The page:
REVIEW: “Good People in a Small Space” by Bogi Takács

Review of Bogi Takács, “Good People in a Small Space” in The Trans Space Octopus Congregation Stories, (Lethe Press, Inc., 2019): 117-123 — Purchase here. Reviewed by Sara L. Uckelman. (Read the review of the anthology.)

Content warning: Sadism, masochism, cheerful body horror, blood.

A strange little story, with a lot of very distinct and distinctive characters — truly weird and unfamiliar aliens, truly weird and unfamiliar humans. This story really showcases Takács’s exceptional ability at depicting the unknown.

(Originally published on Patreon, 2016.)

REVIEW: “Given Sufficient Desperation” by Bogi Takács

Review of Bogi Takács, “Given Sufficient Desperation”, in The Trans Space Octopus Congregation Stories, (Lethe Press, Inc., 2019): 65-77 — Purchase here. Reviewed by Sara L. Uckelman. (Read the review of the anthology.)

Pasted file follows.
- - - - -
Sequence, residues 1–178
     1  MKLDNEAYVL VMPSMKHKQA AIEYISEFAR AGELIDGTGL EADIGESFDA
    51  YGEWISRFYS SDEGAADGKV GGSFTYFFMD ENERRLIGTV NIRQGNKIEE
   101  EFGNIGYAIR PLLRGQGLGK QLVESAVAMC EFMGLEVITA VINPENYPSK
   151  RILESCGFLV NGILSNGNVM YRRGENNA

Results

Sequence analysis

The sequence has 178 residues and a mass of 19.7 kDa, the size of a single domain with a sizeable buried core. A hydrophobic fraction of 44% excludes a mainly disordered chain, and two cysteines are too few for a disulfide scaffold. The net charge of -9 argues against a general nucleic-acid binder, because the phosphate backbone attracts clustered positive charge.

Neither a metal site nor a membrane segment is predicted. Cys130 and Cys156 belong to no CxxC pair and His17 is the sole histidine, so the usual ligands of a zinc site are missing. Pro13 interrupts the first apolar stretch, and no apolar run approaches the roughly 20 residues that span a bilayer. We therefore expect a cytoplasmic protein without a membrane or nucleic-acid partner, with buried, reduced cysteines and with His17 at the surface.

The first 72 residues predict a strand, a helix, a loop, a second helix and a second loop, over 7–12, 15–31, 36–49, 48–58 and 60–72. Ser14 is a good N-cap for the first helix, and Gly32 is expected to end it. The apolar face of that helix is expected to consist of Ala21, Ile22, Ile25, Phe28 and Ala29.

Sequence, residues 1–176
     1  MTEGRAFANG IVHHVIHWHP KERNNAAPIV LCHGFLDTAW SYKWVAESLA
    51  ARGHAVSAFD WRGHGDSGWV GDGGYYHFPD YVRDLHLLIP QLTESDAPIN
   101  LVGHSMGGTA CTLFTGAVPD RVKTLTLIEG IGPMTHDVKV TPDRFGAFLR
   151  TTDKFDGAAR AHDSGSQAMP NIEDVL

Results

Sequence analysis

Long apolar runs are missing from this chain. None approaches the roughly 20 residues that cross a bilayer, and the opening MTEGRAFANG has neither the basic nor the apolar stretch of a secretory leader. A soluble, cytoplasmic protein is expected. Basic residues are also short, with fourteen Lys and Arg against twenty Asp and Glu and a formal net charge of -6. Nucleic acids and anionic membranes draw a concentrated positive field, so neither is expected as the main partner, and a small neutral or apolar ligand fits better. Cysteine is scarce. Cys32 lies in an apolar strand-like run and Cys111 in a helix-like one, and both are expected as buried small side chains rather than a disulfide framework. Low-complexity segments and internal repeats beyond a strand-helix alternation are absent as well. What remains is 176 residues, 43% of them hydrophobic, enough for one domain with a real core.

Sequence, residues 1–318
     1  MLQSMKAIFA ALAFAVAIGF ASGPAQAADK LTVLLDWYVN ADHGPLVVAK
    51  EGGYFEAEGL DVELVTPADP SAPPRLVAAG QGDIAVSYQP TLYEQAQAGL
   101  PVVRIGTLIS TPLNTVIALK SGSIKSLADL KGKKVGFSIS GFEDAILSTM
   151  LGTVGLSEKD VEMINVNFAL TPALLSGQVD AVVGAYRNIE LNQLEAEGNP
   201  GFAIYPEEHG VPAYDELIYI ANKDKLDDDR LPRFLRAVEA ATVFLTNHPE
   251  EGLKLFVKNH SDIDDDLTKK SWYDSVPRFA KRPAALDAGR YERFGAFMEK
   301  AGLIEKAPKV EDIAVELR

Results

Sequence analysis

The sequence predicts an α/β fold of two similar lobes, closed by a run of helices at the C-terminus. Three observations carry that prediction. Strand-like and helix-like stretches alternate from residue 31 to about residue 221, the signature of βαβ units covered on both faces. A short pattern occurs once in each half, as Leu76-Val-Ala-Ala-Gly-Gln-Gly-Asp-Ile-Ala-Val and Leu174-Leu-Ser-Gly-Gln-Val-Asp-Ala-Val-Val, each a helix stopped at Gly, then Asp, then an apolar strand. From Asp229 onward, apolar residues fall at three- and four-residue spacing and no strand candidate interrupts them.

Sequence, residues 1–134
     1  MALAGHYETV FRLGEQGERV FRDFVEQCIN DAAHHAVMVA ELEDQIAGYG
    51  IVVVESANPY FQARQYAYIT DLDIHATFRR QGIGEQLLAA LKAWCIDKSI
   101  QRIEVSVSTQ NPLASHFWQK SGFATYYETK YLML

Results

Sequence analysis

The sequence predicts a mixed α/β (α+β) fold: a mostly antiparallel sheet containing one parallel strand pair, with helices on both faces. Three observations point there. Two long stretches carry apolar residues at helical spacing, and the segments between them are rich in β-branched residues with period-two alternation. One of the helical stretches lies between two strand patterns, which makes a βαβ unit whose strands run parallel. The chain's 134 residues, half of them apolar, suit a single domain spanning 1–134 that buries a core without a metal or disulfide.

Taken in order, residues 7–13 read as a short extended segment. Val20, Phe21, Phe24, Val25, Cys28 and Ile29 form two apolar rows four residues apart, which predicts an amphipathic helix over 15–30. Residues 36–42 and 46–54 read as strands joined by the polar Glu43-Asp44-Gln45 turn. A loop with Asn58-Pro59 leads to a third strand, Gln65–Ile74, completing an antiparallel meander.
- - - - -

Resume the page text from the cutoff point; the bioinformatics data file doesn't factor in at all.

Content warning: ableism, occupation and warfare, physical violence, torture.

“We all do what we can to survive” (p. 69).

This is one of those sly sci-fi stories where the aliens and the science and the experiments slide in almost unnoticed, and when you do realise what’s going on, it’s all the more creepily chilling. As in “Forestspirit, Forestspirit”, Takács draws upon actual science for this story, and provides references at the end (always a plus in my book!). This anchoring of fiction in actual fact also contributes to the overall creepiness!

Takács’s prose in this story is spare and sparse, full of incomplete sentences and short, staccato paragraphs. This sharp rhythm combined with the first-person POV results in a very intimate, personal impression of Vera, the narrator, and I loved the lyricism of it all.